Another year, another booze-fueled, scandal-plagued ego trip on the French riviera. If that sounds harsh, perhaps it is. It’s easier to forgive the excesses of Cannes when they’re accompanied by inspiring work. Unfortunately, this year was a bit of a dud.
Few airline industry campaigns were awarded, and many of those that did pick up Lions are retreads of previous years’ campaigns. Last year, airlines took eight Silver and 15 Bronze Lions, already a far cry from the heights of 2014. This year, it was just four Silver and five Bronze, with most of those in lesser categories.
Welcome to Flyby Wire, a weekly look at new advertising, identity, and brand experience work from around the airline industry. This week: look up! It’s a bird! It’s a plane! It’s British Airways! Read more
Editor’s Note: The Work This Week will go on a brief hiatus as I travel for work. It will return on Sunday, August 25th.
Welcome to the twelfth issue of The Work This Week, a weekly roundup of new advertising, identity, and brand experience work from around the airline industry. This week, Jat Airways flies into the history books, Virgin Australia knocks over the Eiffel Tower, and a son visits his mum in Mumbai. Read more
Welcome to the sixth issue of The Work This Week, a weekly roundup of new advertising, identity, and brand experience work from around the airline industry. This week, it’s the annual Cannes issue! Who won? Who lost? Who got blackout drunk and passed out on la Croisette? It’s all here! Except for “who lost” and “who got drunk,” because we keep things classy. Read more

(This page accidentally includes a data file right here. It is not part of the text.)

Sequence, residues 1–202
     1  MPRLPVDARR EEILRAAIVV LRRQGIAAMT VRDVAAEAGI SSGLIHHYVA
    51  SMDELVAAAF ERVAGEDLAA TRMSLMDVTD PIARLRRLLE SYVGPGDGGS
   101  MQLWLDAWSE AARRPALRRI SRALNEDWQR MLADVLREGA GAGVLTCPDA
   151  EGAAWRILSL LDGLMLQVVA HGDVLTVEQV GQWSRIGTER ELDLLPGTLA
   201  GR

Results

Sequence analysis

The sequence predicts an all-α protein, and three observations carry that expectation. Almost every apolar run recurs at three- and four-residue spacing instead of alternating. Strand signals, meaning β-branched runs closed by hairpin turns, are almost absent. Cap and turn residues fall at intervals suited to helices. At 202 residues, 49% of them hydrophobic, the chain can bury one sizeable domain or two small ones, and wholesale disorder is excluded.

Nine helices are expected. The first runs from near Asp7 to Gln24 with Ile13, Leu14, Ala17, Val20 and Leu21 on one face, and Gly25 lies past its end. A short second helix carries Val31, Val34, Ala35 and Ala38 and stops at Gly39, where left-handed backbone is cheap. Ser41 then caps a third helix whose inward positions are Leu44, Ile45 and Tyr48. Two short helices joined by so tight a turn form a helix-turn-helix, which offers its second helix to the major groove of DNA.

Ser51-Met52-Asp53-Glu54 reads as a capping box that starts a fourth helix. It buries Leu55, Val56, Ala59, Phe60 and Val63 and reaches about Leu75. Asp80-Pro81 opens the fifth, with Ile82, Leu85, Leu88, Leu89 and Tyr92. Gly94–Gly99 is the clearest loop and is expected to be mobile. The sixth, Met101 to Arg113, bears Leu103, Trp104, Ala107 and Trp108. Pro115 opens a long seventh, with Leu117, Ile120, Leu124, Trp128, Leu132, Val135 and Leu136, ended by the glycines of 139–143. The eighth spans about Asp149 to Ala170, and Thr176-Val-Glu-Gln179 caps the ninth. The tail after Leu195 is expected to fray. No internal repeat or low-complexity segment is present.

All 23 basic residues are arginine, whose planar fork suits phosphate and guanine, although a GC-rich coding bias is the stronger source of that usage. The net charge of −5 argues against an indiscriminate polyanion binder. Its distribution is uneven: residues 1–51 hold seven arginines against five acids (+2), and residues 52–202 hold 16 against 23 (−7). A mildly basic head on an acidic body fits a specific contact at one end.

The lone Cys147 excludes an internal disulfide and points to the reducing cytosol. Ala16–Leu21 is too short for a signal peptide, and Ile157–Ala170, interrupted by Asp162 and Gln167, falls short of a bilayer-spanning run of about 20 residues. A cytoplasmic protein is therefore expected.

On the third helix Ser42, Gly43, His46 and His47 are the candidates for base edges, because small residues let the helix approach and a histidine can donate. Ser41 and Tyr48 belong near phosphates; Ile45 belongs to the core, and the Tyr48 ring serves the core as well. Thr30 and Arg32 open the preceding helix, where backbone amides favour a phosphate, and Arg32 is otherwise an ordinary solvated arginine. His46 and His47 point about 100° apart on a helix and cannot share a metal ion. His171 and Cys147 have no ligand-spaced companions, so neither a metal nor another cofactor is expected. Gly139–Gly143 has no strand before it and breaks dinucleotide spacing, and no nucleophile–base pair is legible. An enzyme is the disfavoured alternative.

Welcome to the first issue of The Work This Week, a weekly roundup of new advertising, identity, and brand experience work from around the airline industry. On TWTW‘s maiden flight, we dissect what it means to be British with British Airways, burn calories for air miles with airBaltic, and rediscover the joy of reading with Qantas. Read more
Every kind of advertising has—well, let’s call them “conventions.” Airline advertising is no different. This is part of a series of posts on the clichés of airline advertising.
There’s an old joke that, when faced with creating advertising, the British crack a joke, the French get naked, and Americans sing.
If that introduction got your hopes up that this post would be full of jokes, or, even better, naked people, I’m sorry to disappoint. No, this post is about singing—something airlines used to do it a lot.
Today, a song in a commercial is far more likely to be licensed than commissioned. But there was a time when jingles were very popular, and no category used them more often than airlines. In fact, airlines may have elevated the jingle to its greatest heights. This one (by Leo Burnett / song credits) is liable to get stuck in your head: